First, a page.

The guidelines were the result of a workshop held in Beijing last month, which recognized that China's political and economic growth will lead to a growth in the supplement market.
The State Food and Drug Administration of China (SFDA) and its affiliated organisation, the China Center for Pharmaceutical International Exchange (CCPIE), are keen to work with the IADSA and learn from the experiences of other regions to develop suitable guidance.
Further consultations between senior Chinese government officials and global industry experts will be held in Beijing September and then in December, to coincide with Nutracon China.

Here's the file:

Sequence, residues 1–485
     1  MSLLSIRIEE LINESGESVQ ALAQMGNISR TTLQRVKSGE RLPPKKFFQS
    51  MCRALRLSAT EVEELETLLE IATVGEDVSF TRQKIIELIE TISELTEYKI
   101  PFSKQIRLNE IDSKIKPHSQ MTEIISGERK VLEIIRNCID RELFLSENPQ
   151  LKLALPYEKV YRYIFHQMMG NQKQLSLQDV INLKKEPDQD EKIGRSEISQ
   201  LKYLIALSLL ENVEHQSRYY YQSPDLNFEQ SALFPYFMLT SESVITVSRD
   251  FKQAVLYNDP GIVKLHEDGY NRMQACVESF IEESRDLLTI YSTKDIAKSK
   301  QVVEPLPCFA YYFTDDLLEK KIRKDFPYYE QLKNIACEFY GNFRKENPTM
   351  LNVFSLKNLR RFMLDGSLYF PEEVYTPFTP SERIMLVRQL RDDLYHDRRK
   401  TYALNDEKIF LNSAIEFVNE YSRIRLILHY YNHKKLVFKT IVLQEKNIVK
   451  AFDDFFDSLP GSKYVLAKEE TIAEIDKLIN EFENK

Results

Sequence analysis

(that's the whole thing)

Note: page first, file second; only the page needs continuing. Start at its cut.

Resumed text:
The CCPIE said that it "is dedicated to non-governmental international communication and cooperation and welcomed this opportunity to work with IADSA".
The Deputy Commissioner of the SFDA of China, Professor Ren Dequan, invited IADSA to hold the workshop to give government officials a greater understanding of the regulatory models in other regions of the world and provide an update on the core framework that is being developed within food law by the global standards-setting body, Codex Alimentarius, of which China is a member.
IADSA is currently in discussions with the Chinese SFDA to organise a joint conference on dietary supplements in 2005.